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I have done this query before, but for some reason I always have to dig the answer up. Can someone explain the solution for me so I can finally 'get it'! (thanks!)

Table#1 Employees (employeeID, username)
Table#2 Sales (saleID, employeeID, amount)

Question: List all the employees, along with the total # (count) of sales they have.

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5 Answers

select
   e.employeeID
   , e.username
   , count(s.saleID) as'sales count'
   , sum(s.amount) as 'sales $ total'
from
   employees e
left outer join
   sales s
on
   s.employeeID = e.employeeID
group by 
   e.employeeID
   , e.username
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your query as stated in the answer will give the following error... Msg 8120, Level 16, State 1, Line 1 Column 'e.employeeID' is invalid in the select list because it is not contained in either an aggregate function or the GROUP BY clause. –  Scott Ivey May 14 '09 at 3:01
    
I added a group by clause to the query, that should do the trick. –  RSolberg May 14 '09 at 3:04
2  
This doesn't list all employees - even when fixed to remove the two unnecessary MAX operations (and list both name and ID in the GROUP BY clause); it only lists employees who have made at least one sale. The INNER JOIN needs to be a LEFT OUTER JOIN. –  Jonathan Leffler May 14 '09 at 3:08
    
@Jonathan - thanks for the reminder on the "max." Completely neglected to think that there might be an employee without sales. Probably wouldn't have wanted to be one of them for this purpose :) –  RSolberg May 14 '09 at 7:02
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You'd want to select all Employees, and calculate their count of sales for each. Because you'd want all employees in the list, you'd select from the Employees table and either left join to the sales table, or do a subquery to the sales table. Doing this will give you the employees with zero sales in the results as well. In the case of the join, you'd have to group by the employee and count the records in the sales table. For the subquery, there is no group by because your base query will return just 1 row per employee.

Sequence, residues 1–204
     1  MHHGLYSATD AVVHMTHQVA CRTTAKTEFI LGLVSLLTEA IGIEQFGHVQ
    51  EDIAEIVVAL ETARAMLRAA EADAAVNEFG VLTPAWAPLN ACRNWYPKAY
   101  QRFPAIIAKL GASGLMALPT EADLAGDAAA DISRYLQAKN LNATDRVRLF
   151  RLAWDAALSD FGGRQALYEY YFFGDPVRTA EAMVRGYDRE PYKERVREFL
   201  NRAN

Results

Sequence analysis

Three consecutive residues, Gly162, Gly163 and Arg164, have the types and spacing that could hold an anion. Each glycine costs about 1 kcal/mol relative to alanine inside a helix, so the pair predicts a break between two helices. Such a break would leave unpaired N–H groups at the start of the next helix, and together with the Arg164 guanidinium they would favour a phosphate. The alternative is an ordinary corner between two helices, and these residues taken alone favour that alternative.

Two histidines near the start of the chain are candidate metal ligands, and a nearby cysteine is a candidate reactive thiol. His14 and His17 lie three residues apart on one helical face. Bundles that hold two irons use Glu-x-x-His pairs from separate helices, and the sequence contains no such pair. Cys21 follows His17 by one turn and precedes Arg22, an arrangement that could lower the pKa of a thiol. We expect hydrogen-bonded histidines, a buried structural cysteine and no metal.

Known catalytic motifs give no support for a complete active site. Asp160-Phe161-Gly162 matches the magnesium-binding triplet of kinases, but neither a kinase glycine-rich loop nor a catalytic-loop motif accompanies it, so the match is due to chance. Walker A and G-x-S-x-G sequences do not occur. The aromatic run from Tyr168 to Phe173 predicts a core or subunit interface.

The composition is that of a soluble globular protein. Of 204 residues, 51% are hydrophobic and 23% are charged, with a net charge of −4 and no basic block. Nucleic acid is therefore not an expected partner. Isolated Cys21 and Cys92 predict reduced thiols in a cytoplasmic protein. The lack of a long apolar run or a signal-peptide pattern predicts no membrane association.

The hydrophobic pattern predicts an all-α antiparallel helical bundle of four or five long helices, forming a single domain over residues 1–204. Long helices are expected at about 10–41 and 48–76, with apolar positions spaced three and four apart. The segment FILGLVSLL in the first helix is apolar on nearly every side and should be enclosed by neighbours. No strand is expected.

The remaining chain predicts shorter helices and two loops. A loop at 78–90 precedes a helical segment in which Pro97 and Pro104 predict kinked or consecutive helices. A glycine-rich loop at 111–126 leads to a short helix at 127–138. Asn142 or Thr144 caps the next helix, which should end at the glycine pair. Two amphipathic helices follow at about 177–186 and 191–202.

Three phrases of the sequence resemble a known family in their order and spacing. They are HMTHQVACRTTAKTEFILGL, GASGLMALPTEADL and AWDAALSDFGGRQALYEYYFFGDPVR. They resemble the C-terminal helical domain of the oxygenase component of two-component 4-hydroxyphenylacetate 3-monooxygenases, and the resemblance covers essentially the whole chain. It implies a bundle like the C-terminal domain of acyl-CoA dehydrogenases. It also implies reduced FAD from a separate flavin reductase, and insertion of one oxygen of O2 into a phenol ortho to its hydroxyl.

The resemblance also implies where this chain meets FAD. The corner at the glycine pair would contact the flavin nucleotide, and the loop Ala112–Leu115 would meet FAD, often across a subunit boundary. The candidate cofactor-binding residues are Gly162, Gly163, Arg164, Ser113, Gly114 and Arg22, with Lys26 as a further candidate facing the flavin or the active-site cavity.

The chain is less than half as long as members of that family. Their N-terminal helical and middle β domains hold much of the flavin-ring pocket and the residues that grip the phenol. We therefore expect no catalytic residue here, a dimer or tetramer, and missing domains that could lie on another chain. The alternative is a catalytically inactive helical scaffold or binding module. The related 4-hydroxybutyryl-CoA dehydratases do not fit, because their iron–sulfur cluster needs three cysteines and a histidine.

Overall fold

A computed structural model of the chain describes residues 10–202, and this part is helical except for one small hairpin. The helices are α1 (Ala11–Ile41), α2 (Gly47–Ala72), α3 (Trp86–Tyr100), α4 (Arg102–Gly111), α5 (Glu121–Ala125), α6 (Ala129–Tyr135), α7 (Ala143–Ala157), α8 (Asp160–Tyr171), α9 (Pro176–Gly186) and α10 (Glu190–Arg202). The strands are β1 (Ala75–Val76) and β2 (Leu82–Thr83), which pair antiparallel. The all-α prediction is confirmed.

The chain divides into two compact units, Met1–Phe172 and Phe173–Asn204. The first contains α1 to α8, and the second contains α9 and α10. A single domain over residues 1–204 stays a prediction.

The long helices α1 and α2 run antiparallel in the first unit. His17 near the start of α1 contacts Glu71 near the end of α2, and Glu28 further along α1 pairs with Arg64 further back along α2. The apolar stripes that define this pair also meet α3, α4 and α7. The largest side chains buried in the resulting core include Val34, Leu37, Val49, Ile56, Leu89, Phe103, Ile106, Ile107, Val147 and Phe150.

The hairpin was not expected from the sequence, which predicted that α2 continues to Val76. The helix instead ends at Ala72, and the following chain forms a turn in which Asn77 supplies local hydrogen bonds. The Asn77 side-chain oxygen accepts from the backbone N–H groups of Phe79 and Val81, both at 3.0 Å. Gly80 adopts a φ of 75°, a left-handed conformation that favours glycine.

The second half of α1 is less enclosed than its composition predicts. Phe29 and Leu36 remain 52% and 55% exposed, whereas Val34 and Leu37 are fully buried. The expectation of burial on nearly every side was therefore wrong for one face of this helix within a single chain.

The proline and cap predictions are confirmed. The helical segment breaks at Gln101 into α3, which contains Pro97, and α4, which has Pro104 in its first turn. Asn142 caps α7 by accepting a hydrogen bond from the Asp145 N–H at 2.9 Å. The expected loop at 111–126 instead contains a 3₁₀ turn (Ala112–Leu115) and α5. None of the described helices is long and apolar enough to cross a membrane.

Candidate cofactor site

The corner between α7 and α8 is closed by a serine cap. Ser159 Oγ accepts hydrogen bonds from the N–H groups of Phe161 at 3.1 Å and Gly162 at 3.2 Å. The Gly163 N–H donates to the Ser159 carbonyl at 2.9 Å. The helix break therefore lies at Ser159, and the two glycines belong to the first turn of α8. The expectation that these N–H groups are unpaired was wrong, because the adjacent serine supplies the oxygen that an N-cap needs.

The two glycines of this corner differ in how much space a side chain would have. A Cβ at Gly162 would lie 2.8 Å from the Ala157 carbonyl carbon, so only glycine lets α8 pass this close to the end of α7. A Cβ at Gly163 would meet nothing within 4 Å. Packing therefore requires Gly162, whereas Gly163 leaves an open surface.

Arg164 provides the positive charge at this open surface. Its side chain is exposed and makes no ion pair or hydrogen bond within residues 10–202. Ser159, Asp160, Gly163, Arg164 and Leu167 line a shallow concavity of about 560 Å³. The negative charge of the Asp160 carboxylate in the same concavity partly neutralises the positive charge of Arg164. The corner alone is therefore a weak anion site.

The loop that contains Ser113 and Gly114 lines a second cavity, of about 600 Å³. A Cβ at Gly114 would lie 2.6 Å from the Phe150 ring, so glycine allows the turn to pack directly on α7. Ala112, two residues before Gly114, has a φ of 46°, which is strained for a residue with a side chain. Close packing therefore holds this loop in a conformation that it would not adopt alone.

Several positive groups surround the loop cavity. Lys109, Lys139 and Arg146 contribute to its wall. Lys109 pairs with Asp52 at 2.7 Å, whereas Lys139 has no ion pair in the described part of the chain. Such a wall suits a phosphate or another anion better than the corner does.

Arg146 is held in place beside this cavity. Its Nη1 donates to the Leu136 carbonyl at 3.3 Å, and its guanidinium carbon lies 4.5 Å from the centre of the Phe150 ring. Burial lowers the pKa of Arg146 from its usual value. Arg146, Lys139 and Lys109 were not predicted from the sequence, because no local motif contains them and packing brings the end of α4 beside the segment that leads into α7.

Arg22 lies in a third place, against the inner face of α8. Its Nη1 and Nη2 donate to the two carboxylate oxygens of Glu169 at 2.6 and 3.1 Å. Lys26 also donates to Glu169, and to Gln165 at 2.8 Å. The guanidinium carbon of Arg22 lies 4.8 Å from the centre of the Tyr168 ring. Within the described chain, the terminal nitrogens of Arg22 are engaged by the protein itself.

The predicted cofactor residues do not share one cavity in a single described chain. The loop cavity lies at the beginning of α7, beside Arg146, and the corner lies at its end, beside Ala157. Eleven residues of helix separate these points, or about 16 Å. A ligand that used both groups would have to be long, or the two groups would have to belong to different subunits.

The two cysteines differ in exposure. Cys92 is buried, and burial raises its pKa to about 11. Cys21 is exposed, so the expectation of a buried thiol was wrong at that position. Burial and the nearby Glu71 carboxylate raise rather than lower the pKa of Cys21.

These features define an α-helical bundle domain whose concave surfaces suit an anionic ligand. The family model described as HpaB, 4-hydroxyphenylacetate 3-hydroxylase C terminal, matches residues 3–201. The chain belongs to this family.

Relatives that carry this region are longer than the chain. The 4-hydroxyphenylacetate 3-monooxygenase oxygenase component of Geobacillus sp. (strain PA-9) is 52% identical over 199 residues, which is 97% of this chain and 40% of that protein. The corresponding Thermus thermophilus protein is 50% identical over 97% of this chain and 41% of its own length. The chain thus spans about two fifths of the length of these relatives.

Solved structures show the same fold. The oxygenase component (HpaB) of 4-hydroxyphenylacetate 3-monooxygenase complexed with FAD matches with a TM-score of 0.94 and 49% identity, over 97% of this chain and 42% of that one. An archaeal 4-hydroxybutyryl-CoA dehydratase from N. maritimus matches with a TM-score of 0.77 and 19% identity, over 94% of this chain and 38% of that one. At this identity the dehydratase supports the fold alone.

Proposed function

select   Employees.EmployeeID, 
         Employees.UserName, 
         CountOfSales = COUNT(SaleID)
from     Employees LEFT JOIN 
         Sales ON Employees.EmployeeID = Sales.EmployeeID
group by Employees.EmployeeID, 
         Employees.UserName
/*
EmployeeID  UserName   CountOfSales
----------- ---------- ------------
2           bill       1
3           larry      0
1           scott      2
Warning: Null value is eliminated by an aggregate or other SET operation.
*/

-- OR --

select   E.*, 
         CountOfSales = (select count(*) 
                         from   sales 
                         where  EmployeeID = E.EmployeeID)
from     Employees E
/*
employeeID  username   CountOfSales
----------- ---------- ------------
1           scott      2
2           bill       1
3           larry      0
*/

Results from each query are based on the sample data below...

create table Employees (employeeID int , username varchar(10)) 
create table Sales (saleID int , employeeID int , amount smallmoney)
go
insert Employees values (1, 'steve'), (2, 'bill'), (3, 'larry')
insert Sales values (1, 1, 23), (2,1,33), (3,2,0)
go
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Is the second part of the group by (Employees.UserName) necessary? –  Matthew Flaschen May 14 '09 at 2:49
    
if you want it in the results, yes. You can't have a non-aggregated value in the select clause without putting it in the group by clause. –  Scott Ivey May 14 '09 at 2:52
    
please explain the downvote - both of my queries are correct. –  Scott Ivey May 14 '09 at 3:03
    
There is no rational explanation for the down-vote. –  Jonathan Leffler May 14 '09 at 3:06
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You say you want the sum in the title of the question but then say you want the # (count) in the body.

If you want the sum then use the SUM function in SQL.

select Employees.EmployeeID, TotalSales = SUM(amount)
from Employees LEFT JOIN Sales ON Employees.EmployeeID = Sales.EmployeeID
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Isn't it this simple, assuming that one sale can only be made by one employee?


Select Employees.username, count(Sales.saleID)
From Employees Left Join Sales on Employees.employeeID = Sales.employeeID
Group by Employees.username

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"assuming that one sale can only be made by one employee" -- good point. Why, then, do you think it safe to assume username is unique? –  onedaywhen May 14 '09 at 7:42
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select emp.username
      ,isnull((select count(*)
                 from sales
                where sales.employeeid = emp.employeeid),0) as [number of sales]
  from employees emp
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